EXERCISE AND REST
BALANCE OF EXERCISE AND REST
The body has two basic states, which both must have adequate time for the body to be healthy. There is the active state and the rest/digest state. Exercise has a profound effect on health. The stress is usually put on cardiovascular health, but in reality, it affects pretty well every aspect of a person’s health – from mental health to eyesight.
Too little exercise over-tones the sympathetic side. This results in what is called the “metabolic syndrome” the classic combo of high blood sugar, high blood pressure, and cardiovascular disease. On the other hand, too little rest results in adrenal exhaustion (or maybe it’s just shut-down), low blood sugar, low blood pressure, allergies and histamine issues, and breakdown of the digestive system. Nowadays, since 80% of the world’s population is sedentary, it seems that there is no such thing as too much physical activity. However, that is not the case.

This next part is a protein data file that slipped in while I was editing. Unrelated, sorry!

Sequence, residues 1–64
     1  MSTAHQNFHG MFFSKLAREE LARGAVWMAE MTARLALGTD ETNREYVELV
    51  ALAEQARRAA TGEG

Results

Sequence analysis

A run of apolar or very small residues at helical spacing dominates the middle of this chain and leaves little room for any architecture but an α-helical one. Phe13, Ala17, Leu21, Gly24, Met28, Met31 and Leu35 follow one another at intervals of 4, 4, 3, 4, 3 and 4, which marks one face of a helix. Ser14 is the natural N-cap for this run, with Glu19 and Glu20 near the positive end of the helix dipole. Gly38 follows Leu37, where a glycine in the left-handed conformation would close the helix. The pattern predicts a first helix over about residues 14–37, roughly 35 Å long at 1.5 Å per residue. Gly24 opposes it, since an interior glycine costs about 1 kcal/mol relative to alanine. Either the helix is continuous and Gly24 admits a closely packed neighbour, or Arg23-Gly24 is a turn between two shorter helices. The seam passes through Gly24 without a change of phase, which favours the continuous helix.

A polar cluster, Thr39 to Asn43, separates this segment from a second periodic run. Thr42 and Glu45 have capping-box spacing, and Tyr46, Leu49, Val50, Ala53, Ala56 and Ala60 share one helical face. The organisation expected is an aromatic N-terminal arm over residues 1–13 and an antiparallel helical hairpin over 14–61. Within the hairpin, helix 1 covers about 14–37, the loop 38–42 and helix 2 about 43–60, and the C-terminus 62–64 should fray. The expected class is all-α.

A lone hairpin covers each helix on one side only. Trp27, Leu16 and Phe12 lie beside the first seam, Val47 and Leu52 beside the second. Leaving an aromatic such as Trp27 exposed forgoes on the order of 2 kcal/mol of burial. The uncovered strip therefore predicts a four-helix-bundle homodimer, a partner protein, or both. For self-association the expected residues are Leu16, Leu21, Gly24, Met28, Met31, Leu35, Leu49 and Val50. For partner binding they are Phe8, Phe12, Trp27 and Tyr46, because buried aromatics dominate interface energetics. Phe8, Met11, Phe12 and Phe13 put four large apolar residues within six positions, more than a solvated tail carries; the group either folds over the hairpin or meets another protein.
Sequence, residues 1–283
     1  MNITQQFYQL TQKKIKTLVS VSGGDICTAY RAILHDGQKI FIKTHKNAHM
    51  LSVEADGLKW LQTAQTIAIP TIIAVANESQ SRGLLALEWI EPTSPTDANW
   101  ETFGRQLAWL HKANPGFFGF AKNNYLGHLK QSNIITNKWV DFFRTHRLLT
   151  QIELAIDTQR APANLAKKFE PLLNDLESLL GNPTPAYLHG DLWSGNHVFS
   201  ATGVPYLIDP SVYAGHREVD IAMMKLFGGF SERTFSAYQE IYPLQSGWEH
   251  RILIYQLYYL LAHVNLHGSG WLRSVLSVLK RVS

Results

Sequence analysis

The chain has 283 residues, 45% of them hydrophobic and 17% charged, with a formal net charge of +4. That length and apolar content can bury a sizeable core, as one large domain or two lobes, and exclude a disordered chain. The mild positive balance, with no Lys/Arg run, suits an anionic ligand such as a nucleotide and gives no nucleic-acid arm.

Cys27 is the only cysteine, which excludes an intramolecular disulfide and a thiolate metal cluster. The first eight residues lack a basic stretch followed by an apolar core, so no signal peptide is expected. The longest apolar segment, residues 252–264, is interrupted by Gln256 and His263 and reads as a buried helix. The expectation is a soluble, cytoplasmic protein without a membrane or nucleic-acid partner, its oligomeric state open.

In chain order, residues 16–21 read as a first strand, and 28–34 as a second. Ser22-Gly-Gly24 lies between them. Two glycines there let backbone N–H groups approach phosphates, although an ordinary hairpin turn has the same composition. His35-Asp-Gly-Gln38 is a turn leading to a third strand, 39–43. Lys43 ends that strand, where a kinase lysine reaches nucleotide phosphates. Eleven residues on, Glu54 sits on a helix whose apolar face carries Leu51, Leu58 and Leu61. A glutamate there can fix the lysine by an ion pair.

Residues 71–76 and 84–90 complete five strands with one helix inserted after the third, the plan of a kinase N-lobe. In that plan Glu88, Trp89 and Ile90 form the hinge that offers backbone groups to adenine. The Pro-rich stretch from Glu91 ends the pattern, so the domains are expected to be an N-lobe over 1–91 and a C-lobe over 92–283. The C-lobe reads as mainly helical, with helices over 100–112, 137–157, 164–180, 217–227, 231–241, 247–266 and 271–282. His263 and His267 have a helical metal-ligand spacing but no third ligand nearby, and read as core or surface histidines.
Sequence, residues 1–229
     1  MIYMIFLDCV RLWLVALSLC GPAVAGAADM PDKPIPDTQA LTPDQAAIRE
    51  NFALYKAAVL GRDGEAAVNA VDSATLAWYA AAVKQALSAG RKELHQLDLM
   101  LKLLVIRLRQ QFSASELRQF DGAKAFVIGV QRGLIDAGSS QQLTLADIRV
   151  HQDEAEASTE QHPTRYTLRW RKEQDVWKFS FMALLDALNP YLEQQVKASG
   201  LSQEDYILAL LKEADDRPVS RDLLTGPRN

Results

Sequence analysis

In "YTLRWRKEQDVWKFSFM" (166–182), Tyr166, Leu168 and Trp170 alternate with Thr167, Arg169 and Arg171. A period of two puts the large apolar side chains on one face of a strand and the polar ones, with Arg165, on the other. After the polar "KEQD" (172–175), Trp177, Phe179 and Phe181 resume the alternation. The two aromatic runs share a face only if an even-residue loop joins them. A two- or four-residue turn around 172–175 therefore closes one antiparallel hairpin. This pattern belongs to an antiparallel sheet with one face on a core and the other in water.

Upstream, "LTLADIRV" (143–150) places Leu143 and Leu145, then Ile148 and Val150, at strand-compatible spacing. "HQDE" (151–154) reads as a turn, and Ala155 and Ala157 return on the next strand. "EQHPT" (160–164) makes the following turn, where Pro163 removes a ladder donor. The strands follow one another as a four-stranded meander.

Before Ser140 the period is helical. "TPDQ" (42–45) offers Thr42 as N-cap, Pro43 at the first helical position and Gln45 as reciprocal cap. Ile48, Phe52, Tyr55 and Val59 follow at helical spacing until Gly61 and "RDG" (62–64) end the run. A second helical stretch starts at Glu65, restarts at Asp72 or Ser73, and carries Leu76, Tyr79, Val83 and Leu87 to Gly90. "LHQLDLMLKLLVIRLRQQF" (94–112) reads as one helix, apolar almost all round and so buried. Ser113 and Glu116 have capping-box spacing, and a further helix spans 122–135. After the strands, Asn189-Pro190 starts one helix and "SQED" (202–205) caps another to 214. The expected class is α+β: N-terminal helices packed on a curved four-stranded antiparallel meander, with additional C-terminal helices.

BENEFITS OF EXERCISE
Physical activity is equally important to health as nutritious food, maybe more so. We weren’t made to live in a resting state, and the body just cannot function properly when that’s the case. Blood flow is decreased, intestinal peristalsis is slowed, the cortisol cycle cannot function, blood sugar levels rise, and bad tissue isn’t broken down and replaced; muscles and bones waste and the list goes on. There are different kinds of exercise, but the most important thing is not to be sedentary. Ideally, a person should not sit more than 6 hours per day, nor more than 2 hours at a time. Of course, ideal isn’t always possible, but the next best is breaking up sitting time with a little activity in between.